Rev. Eugene Klein listens to his attorney talk to the news media after his first appearance in federal court last summer. (José M. Osorio, Chicago Tribune / June 22, 2011)
WSBT.com on March 30, 2012 released the following:
“By Annie Sweeney, Chicago Tribune reporter
For two years, vicious mob killer Frank Calabrese Sr. allegedly passed cupcakes, candy bars and a copy of a psalm through the food slot in his prison cell to a Roman Catholic priest who was there to give him Communion and counsel.
In a new court filing, federal prosecutors allege that Calabrese also slipped a note, tucked into religious reading materials, to the Rev. Eugene Klein, telling him how to find a valuable violin hidden in the mobster’s former Wisconsin home.
The note, seized by federal investigators from Klein’s home last year, read like a treasure trail for Klein, who was charged last summer with violating special restrictions on Calabrese that prohibited him from communicating with anyone outside the prison but his attorney and certain relatives.
“Be sure to have a little flashlight with you so you can see,” it said. “Make a right when you go into that little pull out door. Go all the way to the wall. That is where the violin is.”
Prosecutors contend that two confidants of Calabrese whose identities have not been made public schemed with Klein to gain control of the violin to prevent the government from seizing it and providing compensation to families of the mob hit man’s victims.
According to the government filing, Klein even expressed interest in buying the house to enable him and the two associates to try to find the violin, which has never been recovered.
Calabrese, 75, is serving a life sentence for his conviction in the infamous Family Secrets trial. In sentencing him, a federal judge held him responsible for 13 gangland slayings decades ago.
Klein, who was the prison chaplain at the federal prison in Springfield, Mo., has denied the charges. He is scheduled to go to trial in September in federal court in Chicago. On Thursday, his attorney vowed a vigorous fight.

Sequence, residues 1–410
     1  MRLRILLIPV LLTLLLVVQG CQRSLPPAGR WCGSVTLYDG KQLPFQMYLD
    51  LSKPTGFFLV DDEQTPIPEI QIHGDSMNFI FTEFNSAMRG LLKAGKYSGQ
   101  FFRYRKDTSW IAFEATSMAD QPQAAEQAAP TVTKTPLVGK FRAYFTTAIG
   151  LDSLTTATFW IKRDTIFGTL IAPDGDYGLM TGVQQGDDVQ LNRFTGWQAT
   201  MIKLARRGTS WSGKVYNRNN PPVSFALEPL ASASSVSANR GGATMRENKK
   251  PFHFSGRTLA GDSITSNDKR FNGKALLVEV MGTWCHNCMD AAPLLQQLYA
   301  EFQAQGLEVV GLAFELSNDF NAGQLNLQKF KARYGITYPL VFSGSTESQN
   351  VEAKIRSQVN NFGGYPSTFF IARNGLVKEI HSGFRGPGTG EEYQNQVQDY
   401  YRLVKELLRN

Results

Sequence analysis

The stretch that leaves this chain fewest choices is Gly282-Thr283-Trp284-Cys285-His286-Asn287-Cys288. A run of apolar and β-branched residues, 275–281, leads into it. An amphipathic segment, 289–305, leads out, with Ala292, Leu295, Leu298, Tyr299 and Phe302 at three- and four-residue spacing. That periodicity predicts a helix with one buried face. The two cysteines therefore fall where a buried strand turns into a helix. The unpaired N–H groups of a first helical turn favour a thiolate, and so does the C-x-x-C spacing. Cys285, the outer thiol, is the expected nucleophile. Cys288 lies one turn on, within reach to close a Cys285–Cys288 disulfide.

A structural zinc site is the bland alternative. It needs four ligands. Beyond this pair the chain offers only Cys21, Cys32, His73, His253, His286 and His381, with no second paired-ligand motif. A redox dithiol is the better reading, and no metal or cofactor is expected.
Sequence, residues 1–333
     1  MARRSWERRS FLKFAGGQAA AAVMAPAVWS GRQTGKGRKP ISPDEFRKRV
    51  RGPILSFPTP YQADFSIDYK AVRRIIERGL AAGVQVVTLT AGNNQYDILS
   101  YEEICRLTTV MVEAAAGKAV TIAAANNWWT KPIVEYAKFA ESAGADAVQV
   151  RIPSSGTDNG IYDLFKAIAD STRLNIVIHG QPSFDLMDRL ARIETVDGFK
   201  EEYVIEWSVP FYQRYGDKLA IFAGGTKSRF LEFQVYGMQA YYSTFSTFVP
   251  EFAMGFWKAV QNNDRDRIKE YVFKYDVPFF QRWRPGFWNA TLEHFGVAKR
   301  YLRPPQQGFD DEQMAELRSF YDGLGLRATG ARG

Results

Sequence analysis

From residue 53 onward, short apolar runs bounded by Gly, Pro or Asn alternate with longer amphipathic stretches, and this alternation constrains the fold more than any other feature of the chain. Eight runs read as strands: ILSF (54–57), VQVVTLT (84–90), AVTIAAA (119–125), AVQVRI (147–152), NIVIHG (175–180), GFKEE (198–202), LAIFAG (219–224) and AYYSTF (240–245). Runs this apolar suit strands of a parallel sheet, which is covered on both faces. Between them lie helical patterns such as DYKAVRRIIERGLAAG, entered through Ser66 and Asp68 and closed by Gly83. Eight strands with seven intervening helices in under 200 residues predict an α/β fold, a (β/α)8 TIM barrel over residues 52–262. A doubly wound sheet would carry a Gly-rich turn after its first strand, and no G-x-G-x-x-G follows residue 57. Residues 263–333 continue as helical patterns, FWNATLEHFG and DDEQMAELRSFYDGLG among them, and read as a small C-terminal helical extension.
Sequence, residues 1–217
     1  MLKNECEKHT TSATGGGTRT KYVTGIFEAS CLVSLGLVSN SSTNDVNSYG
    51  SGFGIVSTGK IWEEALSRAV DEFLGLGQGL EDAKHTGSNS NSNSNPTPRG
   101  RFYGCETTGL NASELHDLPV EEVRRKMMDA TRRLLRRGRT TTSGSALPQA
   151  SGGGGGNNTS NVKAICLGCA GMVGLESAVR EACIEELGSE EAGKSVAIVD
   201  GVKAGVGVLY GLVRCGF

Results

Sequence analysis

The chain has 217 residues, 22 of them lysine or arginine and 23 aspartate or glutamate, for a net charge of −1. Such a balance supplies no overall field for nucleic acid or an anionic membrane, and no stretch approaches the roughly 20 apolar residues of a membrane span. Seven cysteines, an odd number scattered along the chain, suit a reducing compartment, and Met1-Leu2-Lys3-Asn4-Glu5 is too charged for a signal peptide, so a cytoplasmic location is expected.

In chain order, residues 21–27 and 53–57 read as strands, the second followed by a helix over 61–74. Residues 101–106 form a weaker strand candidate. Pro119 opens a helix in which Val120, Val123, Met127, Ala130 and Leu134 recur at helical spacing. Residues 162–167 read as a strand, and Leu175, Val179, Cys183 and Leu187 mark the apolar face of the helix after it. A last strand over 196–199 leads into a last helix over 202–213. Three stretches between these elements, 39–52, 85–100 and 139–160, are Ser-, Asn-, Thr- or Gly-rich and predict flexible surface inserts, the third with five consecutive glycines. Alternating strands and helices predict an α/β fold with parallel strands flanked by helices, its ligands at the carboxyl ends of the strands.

“It’s all going to come down to whether this is a federal crime,” said Thomas Anthony Durkin, who has filed a motion to dismiss the charges. “He is not charged with stealing the violin. He is charged with violating (the prison restrictions). … This is not a criminal case.”
Klein, a priest for 40 years, first began meeting with Calabrese in 2009 at the federal prison as he administered Communion to him daily. But guards became concerned about the frequency of the visits given the severe restrictions on who could see Calabrese and restricted the meetings to 90 minutes on Saturdays, prosecutors said.
Klein, 63, who was twice interviewed by federal authorities before he was charged, insisted he was not “duped” by Calabrese. Nor did he deny that Calabrese passed him items while he was there, according to the government. One exchange was secretly captured on video, according to the government filing. Klein said it might have been a candy bar or a card for his ailing mother, prosecutors said.
Klein did not deny taking the note regarding the violin’s location either, according to the filing. He also allegedly told investigators that he traveled to the Chicago area to meet with the two Calabrese associates to discuss how they might get their hands on the violin.
The three allegedly believed that the instrument was worth $26 million based on information one of the two confidants had learned from a program on the Discovery Channel. They believed that the violin once belonged to entertainer Liberace. Some of the proceeds from its sale, they figured, could pay for Calabrese’s defense, Klein allegedly told the government. Klein also intended to keep some of the money for himself.
The three allegedly plotted to get inside the home, which was for sale, by asking to view the house. The plans, however, fell apart because the home had already been sold.
During the trip to the Chicago area, Klein had told prison officials that he was tending to his ill mother in St. Louis and took sick pay for that time off, prosecutors alleged.”
Douglas McNabb – McNabb Associates, P.C.’s
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